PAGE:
“Most people absolutely got the spirit of the gigs and how they were raising money for the miners,” says Cunnington. “Looking back now, those two completely different cultures coming together was really quite startling. It helped to fuse people together, and the anger, pain and emotion of the time was reflected through the music and the miners voices. Every single place we went to, every venue we played at, in pit villages and miners’ welfare clubs all over the country, what we were doing was immediately recognised and understood by those communities. It was completely intuitive.”
Test Dept forged many important connections during the tour. One such bond was formed with Alan Sutcliffe, a Kent miner and activist who first spoke at a gig in Brighton. Sutcliffe’s powerful, emotive voice can be heard on ‘Shoulder To Shoulder’, the 1985 album Test Dept subsequently recorded with the South Wales Striking Miners’ Choir and which represents an audio document of the band’s participation in the miners’ strike. Sutcliffe went on to work with Test Dept on several more albums, as well as performing at their much-praised Ministry Of Power cross-cultural events.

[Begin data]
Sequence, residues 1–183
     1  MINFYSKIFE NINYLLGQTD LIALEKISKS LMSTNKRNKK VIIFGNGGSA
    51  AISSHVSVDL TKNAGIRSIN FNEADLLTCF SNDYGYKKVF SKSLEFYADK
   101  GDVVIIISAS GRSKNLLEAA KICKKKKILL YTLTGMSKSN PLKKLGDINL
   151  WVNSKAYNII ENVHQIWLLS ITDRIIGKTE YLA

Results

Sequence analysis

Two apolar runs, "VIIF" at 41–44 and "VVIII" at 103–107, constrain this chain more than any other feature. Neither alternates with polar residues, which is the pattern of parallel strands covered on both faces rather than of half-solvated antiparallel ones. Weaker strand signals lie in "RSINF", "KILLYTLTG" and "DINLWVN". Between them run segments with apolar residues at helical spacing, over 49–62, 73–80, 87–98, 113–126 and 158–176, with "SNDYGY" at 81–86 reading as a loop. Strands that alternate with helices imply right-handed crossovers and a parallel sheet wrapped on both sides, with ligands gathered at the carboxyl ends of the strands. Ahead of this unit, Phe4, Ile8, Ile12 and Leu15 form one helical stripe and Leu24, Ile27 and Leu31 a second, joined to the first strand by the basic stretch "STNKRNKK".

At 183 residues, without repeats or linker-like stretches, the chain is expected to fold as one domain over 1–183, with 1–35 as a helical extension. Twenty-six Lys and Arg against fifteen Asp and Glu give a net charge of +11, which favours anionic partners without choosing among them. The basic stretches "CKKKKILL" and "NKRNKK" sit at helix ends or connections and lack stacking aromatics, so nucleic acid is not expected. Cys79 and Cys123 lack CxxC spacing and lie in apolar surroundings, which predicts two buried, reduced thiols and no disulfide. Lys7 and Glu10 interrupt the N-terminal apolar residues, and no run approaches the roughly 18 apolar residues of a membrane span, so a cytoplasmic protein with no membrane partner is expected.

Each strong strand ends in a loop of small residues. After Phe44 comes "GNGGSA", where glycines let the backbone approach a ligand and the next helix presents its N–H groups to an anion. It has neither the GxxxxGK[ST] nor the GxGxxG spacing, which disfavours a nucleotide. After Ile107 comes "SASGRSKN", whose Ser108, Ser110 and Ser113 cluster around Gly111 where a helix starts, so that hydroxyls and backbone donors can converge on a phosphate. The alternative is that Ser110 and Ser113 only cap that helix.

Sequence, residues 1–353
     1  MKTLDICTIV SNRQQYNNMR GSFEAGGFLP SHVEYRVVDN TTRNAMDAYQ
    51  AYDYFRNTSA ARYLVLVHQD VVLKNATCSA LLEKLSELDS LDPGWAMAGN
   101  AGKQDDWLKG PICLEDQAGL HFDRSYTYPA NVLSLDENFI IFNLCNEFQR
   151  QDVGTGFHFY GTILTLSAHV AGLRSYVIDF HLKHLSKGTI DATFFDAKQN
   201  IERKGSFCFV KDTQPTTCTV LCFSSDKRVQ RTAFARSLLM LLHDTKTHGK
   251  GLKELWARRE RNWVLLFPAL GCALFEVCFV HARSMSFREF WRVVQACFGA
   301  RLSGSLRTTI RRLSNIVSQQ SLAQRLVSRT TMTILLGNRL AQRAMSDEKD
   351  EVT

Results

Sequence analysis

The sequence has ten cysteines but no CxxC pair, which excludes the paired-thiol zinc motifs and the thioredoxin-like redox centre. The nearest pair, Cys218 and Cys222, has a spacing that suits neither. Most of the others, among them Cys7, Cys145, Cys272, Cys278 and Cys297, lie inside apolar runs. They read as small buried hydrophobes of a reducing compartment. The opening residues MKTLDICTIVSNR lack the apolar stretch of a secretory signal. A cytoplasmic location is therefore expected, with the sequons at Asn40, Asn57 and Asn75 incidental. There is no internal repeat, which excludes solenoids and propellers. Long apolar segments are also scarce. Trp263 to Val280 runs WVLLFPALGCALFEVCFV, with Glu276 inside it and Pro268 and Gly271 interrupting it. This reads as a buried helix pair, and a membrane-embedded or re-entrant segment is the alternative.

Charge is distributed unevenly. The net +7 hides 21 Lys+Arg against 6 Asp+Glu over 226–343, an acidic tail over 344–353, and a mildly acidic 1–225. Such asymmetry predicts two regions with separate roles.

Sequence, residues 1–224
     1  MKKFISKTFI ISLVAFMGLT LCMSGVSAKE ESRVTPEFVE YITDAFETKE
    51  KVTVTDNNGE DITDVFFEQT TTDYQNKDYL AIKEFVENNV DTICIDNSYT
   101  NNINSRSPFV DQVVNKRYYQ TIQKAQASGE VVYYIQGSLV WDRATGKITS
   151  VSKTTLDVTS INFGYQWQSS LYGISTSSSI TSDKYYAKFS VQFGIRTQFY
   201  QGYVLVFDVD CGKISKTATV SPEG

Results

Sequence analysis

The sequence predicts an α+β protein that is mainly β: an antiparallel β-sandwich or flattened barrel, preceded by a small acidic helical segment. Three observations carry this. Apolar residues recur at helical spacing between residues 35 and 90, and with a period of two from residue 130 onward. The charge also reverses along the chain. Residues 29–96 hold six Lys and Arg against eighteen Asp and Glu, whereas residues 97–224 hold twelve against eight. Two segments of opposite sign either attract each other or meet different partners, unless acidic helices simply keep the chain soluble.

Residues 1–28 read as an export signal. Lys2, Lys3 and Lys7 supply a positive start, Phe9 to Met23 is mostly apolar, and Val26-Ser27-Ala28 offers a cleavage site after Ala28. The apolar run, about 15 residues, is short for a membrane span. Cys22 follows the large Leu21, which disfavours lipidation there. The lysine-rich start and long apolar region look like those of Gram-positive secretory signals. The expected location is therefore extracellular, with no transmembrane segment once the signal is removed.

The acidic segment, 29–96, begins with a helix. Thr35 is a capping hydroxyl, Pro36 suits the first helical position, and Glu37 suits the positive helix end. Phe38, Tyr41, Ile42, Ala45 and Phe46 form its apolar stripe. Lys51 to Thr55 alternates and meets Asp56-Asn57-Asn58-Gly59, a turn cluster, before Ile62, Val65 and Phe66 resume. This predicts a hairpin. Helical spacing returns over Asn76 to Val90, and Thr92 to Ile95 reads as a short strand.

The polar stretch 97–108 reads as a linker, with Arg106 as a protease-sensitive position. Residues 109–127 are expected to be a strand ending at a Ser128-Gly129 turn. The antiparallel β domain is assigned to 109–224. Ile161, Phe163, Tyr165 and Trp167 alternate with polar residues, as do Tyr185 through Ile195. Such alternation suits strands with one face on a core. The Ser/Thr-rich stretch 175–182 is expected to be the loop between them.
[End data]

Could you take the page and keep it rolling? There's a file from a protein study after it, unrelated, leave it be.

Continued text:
Three decades on, Graham Cunnington views the unrest of the 1980s as a modern-day civil war that was fought on the picket lines and on the streets, a conflict between hard-working people defending their livelihoods and an anti-industrialist, power-hungry regime.
“Looking back, it was a pivotal moment,” he concludes. “Even at the time, we knew the miners’ strike would change history, and that’s exactly what happened. Our efforts to raise money and raise awareness of the strikes, starting with the Albany show, became an absolute imperative. We really had no choice but to be involved.”